Just because Eukaneuba contains by-products does not mean it is not a good diet for your dog. Punky, I appreciate your passion for all natural dog foods, but going against a veterinary nutritionist's recommendations is something that I cannot endorse. Bashing foods made by major companies with scientific research backing based on your own research is also not necessary.
I too feed Wellness to my dogs, but I don't preach it as the be all to end all dog foods, nor do I scorn any food that has ingredients that are "sub-par". I would trust Science Diet or Eukaneuba or IVD or VMD or Waltham to provide the right balance of nutrients and appropriate protein sources for everday dog foods. Afterall, these companies also produce specialized diets for liver, kidney failure, urinary problems, diabetes, allergies, and weight loss. If their basic diets cannot be trusted, why are their prescription diets also approved and trusted by so many doctors? The FDA's CVM works with AAFCO to develop standards for nutrtition, and in order to be certified, manufacturers must first show they meet these standards scientifically, and then back it up with appropriate testing. Beward of foods that say they "fit the AAFCO profile" for nutrition. This does not mean they are certified.
Here is a link from the FDA:
A good article by a veterinarian about pet food labels:
Why do I feed Wellness/Natural Balance then?
My dogs love it, and I would rather them eat than not eat at all. From the ingredients and experience, Wellness appears to be a great food. But I say appears because it hasn't been tested. This means my dogs are the lab rats, but it's a risk at this point that I have been forced to take.
Several "MYTH'S" Taken from www.petdiets.com
(written by veterinary nutritionists) with regards to pet diets:
Pet Food Myths
Homemade diets are nutritionally better and healthier than commercially prepared foods.
Unless properly formulated by a nutritionist, diets made at home are not likely to be nutritionally complete and balanced. The nutritional profile of any diet—including homemade diets—depends on how the recipe was formulated, the nutrient content of the ingredients, and how the owner prepares the diet. Homemade diets may also contain contaminants and food-borne microbes if the owner is not as careful as he or she is about his or her own foods.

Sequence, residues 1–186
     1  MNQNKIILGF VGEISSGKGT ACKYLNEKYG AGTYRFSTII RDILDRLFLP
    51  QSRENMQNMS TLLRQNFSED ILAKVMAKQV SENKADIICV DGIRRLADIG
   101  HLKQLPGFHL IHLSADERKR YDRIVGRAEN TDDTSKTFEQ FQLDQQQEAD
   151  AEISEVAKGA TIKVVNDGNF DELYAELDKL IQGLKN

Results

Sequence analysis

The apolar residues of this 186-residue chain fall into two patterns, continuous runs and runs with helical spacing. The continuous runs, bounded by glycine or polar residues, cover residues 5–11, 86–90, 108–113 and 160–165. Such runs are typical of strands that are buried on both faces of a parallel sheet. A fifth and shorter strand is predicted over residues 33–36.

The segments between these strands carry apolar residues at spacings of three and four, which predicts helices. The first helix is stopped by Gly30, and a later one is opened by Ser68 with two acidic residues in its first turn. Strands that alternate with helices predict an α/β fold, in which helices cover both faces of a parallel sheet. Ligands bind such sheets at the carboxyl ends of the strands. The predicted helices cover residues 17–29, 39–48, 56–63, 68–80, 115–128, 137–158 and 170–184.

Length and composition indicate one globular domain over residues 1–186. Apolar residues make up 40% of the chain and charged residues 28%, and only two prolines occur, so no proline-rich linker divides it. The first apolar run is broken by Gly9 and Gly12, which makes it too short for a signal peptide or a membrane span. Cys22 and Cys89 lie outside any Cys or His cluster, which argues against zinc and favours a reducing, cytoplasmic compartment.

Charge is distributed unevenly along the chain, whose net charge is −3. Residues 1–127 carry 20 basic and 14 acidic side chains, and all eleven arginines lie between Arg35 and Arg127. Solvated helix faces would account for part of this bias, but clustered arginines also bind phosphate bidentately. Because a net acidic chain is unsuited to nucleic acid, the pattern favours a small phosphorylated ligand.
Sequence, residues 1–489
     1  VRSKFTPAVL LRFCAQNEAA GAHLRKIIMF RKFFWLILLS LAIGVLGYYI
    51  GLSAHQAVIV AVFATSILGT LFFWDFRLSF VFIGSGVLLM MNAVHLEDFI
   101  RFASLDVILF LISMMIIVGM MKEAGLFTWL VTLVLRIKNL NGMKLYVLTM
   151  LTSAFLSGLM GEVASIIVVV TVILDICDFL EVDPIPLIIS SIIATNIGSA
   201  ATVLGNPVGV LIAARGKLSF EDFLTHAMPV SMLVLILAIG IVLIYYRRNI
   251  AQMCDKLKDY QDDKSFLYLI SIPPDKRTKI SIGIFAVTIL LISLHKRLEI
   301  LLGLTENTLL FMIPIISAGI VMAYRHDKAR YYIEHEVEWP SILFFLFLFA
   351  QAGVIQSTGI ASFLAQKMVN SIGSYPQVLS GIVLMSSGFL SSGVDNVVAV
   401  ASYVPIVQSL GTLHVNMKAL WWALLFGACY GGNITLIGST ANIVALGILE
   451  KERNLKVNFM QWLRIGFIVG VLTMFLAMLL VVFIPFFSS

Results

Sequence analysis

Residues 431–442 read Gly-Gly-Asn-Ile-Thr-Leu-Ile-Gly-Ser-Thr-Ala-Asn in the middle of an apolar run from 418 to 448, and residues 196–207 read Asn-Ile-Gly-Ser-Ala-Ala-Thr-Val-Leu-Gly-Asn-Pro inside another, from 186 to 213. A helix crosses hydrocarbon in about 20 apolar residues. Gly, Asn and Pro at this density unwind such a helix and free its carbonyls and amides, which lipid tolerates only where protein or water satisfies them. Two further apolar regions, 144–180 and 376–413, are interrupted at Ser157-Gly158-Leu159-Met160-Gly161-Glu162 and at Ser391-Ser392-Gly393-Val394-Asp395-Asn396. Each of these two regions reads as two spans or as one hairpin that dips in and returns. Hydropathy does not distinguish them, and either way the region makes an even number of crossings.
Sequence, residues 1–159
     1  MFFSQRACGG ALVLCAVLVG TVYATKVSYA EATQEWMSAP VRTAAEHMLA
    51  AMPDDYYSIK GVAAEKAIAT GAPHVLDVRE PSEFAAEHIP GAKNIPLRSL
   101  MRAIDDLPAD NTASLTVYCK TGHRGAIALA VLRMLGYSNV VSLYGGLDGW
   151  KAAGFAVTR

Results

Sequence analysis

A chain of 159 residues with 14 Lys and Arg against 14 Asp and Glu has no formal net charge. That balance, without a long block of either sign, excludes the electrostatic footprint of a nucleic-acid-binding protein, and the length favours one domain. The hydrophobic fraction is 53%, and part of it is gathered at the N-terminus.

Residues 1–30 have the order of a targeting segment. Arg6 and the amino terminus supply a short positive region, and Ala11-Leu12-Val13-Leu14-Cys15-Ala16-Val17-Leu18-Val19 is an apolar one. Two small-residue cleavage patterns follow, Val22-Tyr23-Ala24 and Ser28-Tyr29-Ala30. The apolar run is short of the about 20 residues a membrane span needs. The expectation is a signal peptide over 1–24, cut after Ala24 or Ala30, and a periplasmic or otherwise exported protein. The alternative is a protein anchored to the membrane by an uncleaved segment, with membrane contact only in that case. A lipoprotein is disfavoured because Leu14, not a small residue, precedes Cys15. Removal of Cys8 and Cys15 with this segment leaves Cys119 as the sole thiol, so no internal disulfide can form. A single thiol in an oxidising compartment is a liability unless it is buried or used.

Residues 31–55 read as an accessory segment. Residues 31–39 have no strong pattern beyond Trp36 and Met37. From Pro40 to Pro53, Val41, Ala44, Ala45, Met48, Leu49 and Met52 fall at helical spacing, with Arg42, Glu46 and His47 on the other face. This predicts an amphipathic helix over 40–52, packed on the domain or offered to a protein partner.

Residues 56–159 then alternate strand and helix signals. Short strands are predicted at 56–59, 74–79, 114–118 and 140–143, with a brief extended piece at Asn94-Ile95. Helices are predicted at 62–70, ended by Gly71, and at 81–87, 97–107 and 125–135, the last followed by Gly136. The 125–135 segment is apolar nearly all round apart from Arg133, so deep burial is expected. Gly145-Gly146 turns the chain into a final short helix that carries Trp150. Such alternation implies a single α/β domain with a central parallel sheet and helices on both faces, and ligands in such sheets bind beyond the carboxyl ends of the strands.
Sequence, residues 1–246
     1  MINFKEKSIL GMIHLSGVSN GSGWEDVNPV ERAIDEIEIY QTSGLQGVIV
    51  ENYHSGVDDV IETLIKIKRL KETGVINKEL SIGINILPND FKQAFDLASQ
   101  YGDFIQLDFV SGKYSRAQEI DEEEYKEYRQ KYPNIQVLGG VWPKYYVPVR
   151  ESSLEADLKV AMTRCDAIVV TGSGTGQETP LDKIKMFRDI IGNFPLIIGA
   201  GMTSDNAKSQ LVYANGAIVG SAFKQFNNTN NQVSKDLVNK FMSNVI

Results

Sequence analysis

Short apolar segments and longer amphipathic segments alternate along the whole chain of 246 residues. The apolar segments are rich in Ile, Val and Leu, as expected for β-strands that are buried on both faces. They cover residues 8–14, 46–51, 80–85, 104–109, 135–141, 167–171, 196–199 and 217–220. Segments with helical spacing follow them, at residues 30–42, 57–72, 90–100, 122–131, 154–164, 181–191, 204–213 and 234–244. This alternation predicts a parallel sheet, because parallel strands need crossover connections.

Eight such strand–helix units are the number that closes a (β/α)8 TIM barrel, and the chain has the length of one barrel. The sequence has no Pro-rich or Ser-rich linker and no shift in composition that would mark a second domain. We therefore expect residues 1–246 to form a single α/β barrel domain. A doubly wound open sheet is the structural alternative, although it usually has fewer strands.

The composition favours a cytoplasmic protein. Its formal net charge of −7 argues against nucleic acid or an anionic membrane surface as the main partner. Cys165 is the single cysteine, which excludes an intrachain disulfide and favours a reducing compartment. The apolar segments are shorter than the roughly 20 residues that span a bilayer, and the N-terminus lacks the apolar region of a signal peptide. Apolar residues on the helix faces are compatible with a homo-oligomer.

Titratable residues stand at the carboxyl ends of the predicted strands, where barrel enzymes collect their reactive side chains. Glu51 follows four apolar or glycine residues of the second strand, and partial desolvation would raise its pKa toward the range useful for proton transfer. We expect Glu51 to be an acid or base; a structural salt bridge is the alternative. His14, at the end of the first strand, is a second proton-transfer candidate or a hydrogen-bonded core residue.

Federally regulated, commercially prepared foods have processing methods and quality assurance programs that limit the potential of food-borne illnesses in pets and offer guarantees, a nutritional profile, and bioavailability.
Preservatives cause cancer and other diseases.
There is no scientific evidence to support the often repeated claim that preservatives cause cancer. In fact, just the opposite may be true, as preservatives added to pet foods can help prevent the formation of cancer-causing compounds.
Do ingredients really matter to pets?
To most of the pets consuming commercially prepared pet foods... NO! The final nutrient profile of a pet food is most important factor in meeting your pet’s daily nutritional needs. If the food meets your pet’s nutrient profile, it does not matter whether the sources of those nutrients are beef, chicken or soybean. The liver does not care whether it is receiving the necessary essential amino acids for protein synthesis from chicken by product meal, tofu, or a protein hydroslate.
The ingredients do however affect taste. The very best nutrient profile is of no use if the animal will not consume the food. Most pets do not refuse most foods: look at the incidence of obesity in our pet population. Most pet foods are designed to be very palatable because repeat sales of pet food are for the most part dependent upon the owner thinking the pet “likes” the food. This “race” for the most palatable food in the market is in part responsible for the most common nutritional problem in pets... obesity.
Do ingredients really matter to pet owners?
Yes, apparently they do. The pet food marketing teams are playing that card for all it’s worth and in any direction necessary to make a sale, hence the importance of naming the product. Also note the advertising statements that a product “does not contain soy, corn, or wheat”; such statements imply there is something wrong with these ingredients and hence the foods containing them. In fact, there are no problems associated with these ingredients unless your pet demonstrates allergic reactions to them.
When does the ingredient list really matter?
Knowing the ingredient list only really matters when a pet has a food “allergy,” better described as food hypersensitivity. The incidence of true food hypersensitivity in the dog and cat population is not exactly known, but several published studies estimate the incidence to be less than 10%.
Pet foods contain fat and fat-soluble vitamins that readily oxidize when exposed to air. Fat oxidation produces toxic compounds called peroxides that can disrupt cell membranes—and loss of cell membrane integrity has been linked to some types of cancer. Preservatives protect the fat and vitamins from oxidizing in the presence of air.
Those of you who know me know that I go by tried, true, scientific facts and recommendations by doctors. 2 things are certain:
1. Doctors do NOT recommend home-cooking meals for dogs without the consulation of a veterinary nutritionist to formulate a specialized and
ingredients for your animal.
2. Doctors do NOT recommend foods produced by companies that have not PROVEN their foods are safe or include the right balance of nutrients and appropriate protein sources. Following an AAFCO profile (as in the case with Wellness, Solid Gold, etc...) is a good thing, but AAFCO certification is even better, and a recommendation by a veterinarian is the best.